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Ex-INS Official Says Agencies 'Singled Out' 'L.A. 8' for Deportation : Immigration: He tells court he signed order under pressure from the FBI, which had failed to gather enough evidence for a criminal case against group accused of PLO ties.

February 22, 1995|PATRICK J. McDONNELL | TIMES STAFF WRITER

In the latest twist to the long-running "L.A. 8" case, a former U.S. Immigration and Naturalization Service district director in Los Angeles declared in a court document submitted Tuesday that the eight were "singled out for deportation" because of their alleged affiliation with a Palestinian organization.

The declaration by Ernest Gustafson--who, as INS district director in Los Angeles, signed deportation-related orders against the eight in 1987--portrayed the action as the result of pressure from FBI officials who had failed to gather sufficient evidence for a criminal case against the eight.

"Based on my years of experience as an INS district director and my involvement with this case, it is my opinion that the eight individual plaintiffs were singled out for deportation because of their alleged political affiliation with the Popular Front for the Liberation of Palestine," stated Gustafson, referring to a group that is part of the Palestine Liberation Organization.

"Had it not been for those affiliations, the INS and the FBI probably would not have sought to deport these individuals," continued Gustafson, who retired in September, 1989.

The document was submitted by attorneys for the seven Palestinian men and one Kenyan woman being deported. The lawyers called the document a key indicator that U.S. authorities violated their clients' constitutional rights by selectively enforcing immigration laws against them.

"This evidence will ultimately be a linchpin in our claim of selective enforcement," said David Cole, an attorney with the Center for Constitutional Rights, a New York-based group that, along with the American Civil Liberties Union and the National Lawyers Guild, is defending the eight.

Michael Lindemann, a Justice Department attorney handling the case, could not be reached for comment.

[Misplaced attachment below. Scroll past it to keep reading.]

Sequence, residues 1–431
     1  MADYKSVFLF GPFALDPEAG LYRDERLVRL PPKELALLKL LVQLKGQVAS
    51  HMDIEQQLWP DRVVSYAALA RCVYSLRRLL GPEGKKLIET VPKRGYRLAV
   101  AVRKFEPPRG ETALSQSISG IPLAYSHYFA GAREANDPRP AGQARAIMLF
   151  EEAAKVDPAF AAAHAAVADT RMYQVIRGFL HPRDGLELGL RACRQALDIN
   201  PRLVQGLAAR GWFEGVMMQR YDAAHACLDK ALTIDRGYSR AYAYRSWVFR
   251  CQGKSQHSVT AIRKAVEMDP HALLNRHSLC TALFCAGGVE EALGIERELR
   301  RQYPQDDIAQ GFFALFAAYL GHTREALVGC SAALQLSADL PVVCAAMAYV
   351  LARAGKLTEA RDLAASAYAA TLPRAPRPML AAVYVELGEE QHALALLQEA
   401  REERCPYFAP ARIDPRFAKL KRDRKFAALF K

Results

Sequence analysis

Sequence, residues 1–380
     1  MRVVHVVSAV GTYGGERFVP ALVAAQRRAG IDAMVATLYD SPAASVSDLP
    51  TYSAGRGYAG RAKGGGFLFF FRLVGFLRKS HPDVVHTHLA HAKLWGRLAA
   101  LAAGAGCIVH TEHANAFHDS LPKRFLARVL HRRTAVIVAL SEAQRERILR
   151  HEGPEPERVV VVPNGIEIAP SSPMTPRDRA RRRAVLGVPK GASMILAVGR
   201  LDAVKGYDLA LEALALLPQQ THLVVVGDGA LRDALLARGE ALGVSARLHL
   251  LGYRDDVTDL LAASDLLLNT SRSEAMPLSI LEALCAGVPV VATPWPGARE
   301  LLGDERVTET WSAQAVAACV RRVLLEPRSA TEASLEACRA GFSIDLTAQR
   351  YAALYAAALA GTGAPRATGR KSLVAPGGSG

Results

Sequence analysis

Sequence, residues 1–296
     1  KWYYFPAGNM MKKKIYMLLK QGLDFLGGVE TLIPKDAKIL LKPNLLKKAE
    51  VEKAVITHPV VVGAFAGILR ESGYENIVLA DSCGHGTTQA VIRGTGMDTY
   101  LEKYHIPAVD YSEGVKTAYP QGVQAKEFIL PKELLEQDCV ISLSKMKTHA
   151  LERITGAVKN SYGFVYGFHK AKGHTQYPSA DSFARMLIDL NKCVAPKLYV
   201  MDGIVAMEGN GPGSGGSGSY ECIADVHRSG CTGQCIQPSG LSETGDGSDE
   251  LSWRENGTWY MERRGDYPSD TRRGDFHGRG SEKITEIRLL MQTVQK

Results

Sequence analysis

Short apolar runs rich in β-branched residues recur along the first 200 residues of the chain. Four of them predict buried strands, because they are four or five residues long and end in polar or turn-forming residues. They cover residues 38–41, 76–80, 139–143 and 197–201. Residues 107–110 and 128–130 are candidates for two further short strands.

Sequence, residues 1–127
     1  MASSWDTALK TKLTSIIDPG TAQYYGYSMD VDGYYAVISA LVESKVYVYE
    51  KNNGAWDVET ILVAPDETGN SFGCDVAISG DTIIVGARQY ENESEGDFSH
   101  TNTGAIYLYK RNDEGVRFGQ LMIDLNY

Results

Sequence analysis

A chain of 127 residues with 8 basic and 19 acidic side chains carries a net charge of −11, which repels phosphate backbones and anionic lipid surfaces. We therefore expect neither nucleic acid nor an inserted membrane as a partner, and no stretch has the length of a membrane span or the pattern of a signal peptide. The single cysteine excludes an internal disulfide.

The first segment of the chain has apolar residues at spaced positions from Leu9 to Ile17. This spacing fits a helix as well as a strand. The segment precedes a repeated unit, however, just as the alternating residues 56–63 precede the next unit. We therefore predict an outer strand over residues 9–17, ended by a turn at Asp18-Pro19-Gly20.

Prosecutors have never filed criminal charges against any of the eight, who were originally arrested in January, 1987, as part of a much-publicized anti-terrorism push. All eight deny involvement in terrorism. The case has long been a cause celebre among civil libertarians nationwide.

In the courtroom, the complex legal battle to fight deportation has evolved along several tracks.

One set of legal challenges involves cases against two Palestinian men who are permanent legal U.S. residents, or green-card holders. The other six facing deportation entered the United States on temporary visas. All eight are free and living in the Los Angeles area.

Because of their varying statuses, the government is pursuing different strategies in its deportation cases.

U.S. authorities are attempting to deport the six who entered the United States on temporary visas for technical visa violations. Among the allegations: taking too few credits as a student, working without authorization and overstaying a visa.

In his declaration, Gustafson said that such cases are seldom pursued by the Los Angeles INS office, which has one of the heaviest workloads of any immigration office.

"In this case, the reason our office devoted such resources and took such steps to deport these individuals is because of their affiliation with the PFLP," Gustafson said.

The statement, say lawyers for the eight, demonstrates that the visa-violation allegations were a pretext to seek deportation for political reasons.

The case against the other two is distinct because, as Gustafson noted, "there was no ground for their deportation other than their political affiliations and activities."

Gustafson's declaration provides new insights into the case's origins in Washington and the attendant tensions within the Department of Justice.

The case, Gustafson said, resulted in strained relations between the INS and the FBI. He cited an incident in September, 1987, in which the FBI sent, "with no clear authority," eight agents to his office seeking to remove the case documents from his office safe. Gustafson said he refused to allow the FBI agents to enter.

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